Money Trumps All, Even Mexican Mafia Edicts

Sam Quinones, Los Angeles Times, November 8, 2007

Under orders from the Mexican Mafia, Florencia 13 gang members allegedly patrolled their neighborhood to “cleanse” it by assaulting and killing members of rival black gangs.

At the same time, the Latino gang also allegedly sold large quantities of drugs, and in some cases, guns, to blacks, including Crips gang members.

This complex and contradictory picture of underworld life in which race, drugs and gangs collide emerges from four federal indictments announced last month against Florencia 13. It also highlights a basic principle of the street: Money trumps all.

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The case illustrates the influence of the Mexican Mafia prison gang—also known as Eme, the letter M in Spanish—on Latino street gangs and race relations in some of the Southern California neighborhoods they terrorize.

Although most Eme members have been locked away in maximum security in Pelican Bay State Prison for decades, they remain feared and admired by many Latino gangs. They order younger gang members to do their bidding or face reprisals if they go to prison, authorities said. The edicts include murder, extortion, taxing drug dealers and warring with blacks, violence that has often spilled over gang lines and taken the lives of innocent victims.

The federal indictments also display the limits of Eme influence. Orders allegedly issued by an Eme member in prison were at times trumped by the greed of drug dealers and the personal relationships they have with customers, according to authorities and court documents.

Many of the Latino and black gang members indicted had grown up together in the Florence-Firestone area.

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In 2004, Florencia 13 was ordered to control the neighborhood drug trade and tax drug dealers, prostitutes, ice cream vendors, pirate taxi operators and peddlers of phony green cards, Hernandez said. The gang was to turn 40% of the proceeds over to Castellanos and his associates. [Arturo Castellanos, a reputed Eme member housed in Pelican Bay who many in law enforcement believe controls Florencia 13 activities.]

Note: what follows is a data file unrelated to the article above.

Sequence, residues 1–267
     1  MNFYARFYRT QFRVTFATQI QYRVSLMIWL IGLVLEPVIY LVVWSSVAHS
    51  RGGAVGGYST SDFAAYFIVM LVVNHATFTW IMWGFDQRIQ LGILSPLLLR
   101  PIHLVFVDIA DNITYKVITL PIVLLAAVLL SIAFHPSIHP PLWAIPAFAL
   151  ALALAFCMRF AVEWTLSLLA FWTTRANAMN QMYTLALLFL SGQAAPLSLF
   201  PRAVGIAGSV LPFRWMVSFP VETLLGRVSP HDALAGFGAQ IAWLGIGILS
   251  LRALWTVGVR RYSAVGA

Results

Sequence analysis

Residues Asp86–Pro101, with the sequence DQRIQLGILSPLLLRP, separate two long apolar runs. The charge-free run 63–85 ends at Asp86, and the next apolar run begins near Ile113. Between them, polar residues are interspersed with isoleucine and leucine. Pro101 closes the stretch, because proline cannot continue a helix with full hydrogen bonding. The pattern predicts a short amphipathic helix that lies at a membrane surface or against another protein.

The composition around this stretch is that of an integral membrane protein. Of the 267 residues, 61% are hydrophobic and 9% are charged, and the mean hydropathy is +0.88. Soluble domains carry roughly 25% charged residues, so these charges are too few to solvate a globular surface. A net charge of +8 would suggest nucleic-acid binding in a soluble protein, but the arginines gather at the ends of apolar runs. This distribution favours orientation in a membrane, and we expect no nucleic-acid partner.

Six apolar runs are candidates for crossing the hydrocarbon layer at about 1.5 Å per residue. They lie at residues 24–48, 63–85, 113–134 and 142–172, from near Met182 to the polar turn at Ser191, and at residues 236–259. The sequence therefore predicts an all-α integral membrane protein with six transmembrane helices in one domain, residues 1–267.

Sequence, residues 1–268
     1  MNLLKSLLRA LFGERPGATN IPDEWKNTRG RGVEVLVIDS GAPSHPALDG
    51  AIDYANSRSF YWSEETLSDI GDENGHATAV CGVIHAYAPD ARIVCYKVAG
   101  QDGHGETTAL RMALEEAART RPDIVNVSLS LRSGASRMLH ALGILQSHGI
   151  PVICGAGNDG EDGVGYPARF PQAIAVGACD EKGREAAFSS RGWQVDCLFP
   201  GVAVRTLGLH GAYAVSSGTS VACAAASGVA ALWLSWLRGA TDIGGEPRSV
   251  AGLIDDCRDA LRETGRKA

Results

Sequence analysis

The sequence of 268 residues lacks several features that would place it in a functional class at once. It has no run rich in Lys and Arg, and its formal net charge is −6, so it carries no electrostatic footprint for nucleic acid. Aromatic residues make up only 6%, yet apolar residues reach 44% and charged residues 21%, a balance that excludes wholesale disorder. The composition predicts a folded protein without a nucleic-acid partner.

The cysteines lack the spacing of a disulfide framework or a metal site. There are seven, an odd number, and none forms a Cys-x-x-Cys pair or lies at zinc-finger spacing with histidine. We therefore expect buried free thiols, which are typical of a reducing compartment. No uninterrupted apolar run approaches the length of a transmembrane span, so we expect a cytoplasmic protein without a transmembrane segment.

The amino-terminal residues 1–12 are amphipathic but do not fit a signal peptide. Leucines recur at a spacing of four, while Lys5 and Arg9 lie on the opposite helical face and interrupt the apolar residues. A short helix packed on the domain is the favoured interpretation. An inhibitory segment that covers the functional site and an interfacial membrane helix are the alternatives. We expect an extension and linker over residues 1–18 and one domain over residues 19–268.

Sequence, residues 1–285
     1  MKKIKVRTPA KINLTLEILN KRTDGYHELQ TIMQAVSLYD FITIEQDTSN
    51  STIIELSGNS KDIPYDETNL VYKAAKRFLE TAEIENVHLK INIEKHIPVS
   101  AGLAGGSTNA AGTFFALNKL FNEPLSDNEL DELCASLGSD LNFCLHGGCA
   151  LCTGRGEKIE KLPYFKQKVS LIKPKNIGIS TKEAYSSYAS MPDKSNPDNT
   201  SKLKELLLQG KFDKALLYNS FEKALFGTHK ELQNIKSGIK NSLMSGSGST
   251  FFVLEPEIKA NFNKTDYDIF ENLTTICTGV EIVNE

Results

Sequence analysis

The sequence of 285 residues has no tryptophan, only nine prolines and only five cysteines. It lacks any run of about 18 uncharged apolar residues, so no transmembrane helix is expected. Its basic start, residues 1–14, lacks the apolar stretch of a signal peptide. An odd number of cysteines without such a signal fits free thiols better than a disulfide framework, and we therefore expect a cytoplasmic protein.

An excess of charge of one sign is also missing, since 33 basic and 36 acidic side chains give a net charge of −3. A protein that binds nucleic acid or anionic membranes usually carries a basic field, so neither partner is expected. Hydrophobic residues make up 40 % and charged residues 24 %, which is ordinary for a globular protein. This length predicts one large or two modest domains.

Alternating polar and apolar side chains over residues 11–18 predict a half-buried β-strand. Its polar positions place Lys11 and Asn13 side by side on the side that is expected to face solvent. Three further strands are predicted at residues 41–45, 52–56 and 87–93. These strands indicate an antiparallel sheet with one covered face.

There was another order, according to the indictment: Rid the neighborhood of black gangs, primarily East Coast Crips. Once predominantly black, the unincorporated Florence-Firestone neighborhood north of Watts has undergone a dramatic demographic shift in the last two decades and is now mostly Latino.

For the next two years, Florencia 13 and the East Coast Crips were at war, with homicides skyrocketing in the community of 60,000. In 2005, there were 41 homicides, surpassing the homicide rate in some of the nation’s most dangerous big cities.

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The random killings have terrified residents and corroded relations between neighborhood blacks and Latinos.

Still, the lure of money also seems to have tempered the ardor with which Florencia 13 follows Eme edicts. The indictment lists instances in which Florencia members allegedly sold weapons, as well as drugs, to Crips.

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Indeed, Latino drug dealers and gang members may be given orders by Eme members, but they are also trying to expand their drug business, said Richard Valdemar, a retired Los Angeles County sheriff’s sergeant and Latino gang investigator.

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Also, Eme members isolated in Pelican Bay don’t know the day-to-day operations they presume to control, Valdemar said. This allows gang members on the street wide latitude in following orders, he said.

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